Metalearning as utilized in an AI setting has numerous likenesses to this portrayal. Subject information converts into base-realizing, where experience is gathered for one explicit learning task. Metalearning begins at a more significant level and is worried about collecting experience more than a few utilizations of a learning framework as per [9].

    Over the most recent 20 years, AI look into was confronted with an expanding number of accessible calculations including a huge number of parametrisation, pre- preparing and postprocessing approaches just as a significantly stretched out scope of uses because of expanding registering power and more extensive availabil-ity of PC discernible informational collections. By advancing a superior comprehension of AI itself, metalearning can give a priceless assistance maintaining a strategic distance from broad experimentation techniques for calculation choice, and beast power looks for appropriate parametrisation. Seeing how to benefit from past ex-perience of a prescient model on specific undertakings can improve the presentation of a learning calculation and permit to all the more likely comprehend what causes an offered calculation to perform well on a given issue.

    The possibility of metalearning isn't new, one of the first and original contri-butions having been given by [53]. In any case, the strict term just began showing up in AI writing during the 1990s, yet still numerous publi-cations manage issues identified with metalearning without utilizing the real word. This commitment attempts to get a handle on each perspective metalearning has been examined from, refering to books, research and survey papers of the most recent decade. We trust this review will give a valuable asset to the information mining and AI people group.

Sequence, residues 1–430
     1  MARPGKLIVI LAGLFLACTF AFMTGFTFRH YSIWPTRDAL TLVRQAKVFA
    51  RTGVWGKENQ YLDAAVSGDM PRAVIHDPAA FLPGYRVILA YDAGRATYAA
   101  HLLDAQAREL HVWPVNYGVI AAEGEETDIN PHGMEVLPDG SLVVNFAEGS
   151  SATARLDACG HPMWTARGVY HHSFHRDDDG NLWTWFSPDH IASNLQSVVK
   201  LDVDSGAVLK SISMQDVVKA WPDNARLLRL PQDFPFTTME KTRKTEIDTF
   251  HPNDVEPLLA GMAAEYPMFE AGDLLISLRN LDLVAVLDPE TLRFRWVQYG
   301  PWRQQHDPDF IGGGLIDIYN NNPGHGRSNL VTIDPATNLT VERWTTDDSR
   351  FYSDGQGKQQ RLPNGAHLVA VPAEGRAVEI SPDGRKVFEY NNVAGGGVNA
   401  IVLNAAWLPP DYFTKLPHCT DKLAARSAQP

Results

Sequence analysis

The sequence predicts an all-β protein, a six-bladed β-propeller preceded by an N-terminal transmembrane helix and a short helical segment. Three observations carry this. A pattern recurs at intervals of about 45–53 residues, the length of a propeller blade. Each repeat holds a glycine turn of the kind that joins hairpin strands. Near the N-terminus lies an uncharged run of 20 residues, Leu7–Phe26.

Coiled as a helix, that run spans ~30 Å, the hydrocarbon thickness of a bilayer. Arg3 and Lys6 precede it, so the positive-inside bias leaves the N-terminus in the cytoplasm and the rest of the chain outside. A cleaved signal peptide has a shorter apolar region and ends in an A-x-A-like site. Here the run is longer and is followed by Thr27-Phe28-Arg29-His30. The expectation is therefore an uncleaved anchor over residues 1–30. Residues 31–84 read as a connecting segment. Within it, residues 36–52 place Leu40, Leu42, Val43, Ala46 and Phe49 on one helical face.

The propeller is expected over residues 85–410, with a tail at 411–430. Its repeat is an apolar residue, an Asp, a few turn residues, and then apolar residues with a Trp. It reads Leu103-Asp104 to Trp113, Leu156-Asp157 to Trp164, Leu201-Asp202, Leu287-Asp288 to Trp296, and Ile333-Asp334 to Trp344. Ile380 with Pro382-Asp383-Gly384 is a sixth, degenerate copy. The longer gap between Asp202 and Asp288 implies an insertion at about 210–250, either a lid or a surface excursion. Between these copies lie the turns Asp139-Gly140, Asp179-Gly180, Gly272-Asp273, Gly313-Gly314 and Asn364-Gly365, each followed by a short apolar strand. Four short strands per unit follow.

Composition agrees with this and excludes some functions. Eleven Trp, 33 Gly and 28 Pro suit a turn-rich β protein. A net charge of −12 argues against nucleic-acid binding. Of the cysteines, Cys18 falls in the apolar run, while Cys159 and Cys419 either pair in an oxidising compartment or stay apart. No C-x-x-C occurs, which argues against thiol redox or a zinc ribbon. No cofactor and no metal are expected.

The rest of this paper is composed as follows. In Section 2 we re-see meanings of metalearning given in logical writing, concentrating on com-mon topics happening in every one of them. Segment 3 portrays various ideas of metalearning, connecting them to the definitions given in Section 2. In Section4 commonsense contemplations emerging when planning a metalearning framework are talked about, while open research headings are recorded in Section 5.

  2. DEFINITION

    First, In the 1990s, the term metalearning started to appear in machine learning re- search, although the concept itself dates back to the mid-1970s [53]. A number of definitions of metalearning have been given, the following list cites the main review papers and books from the last decade: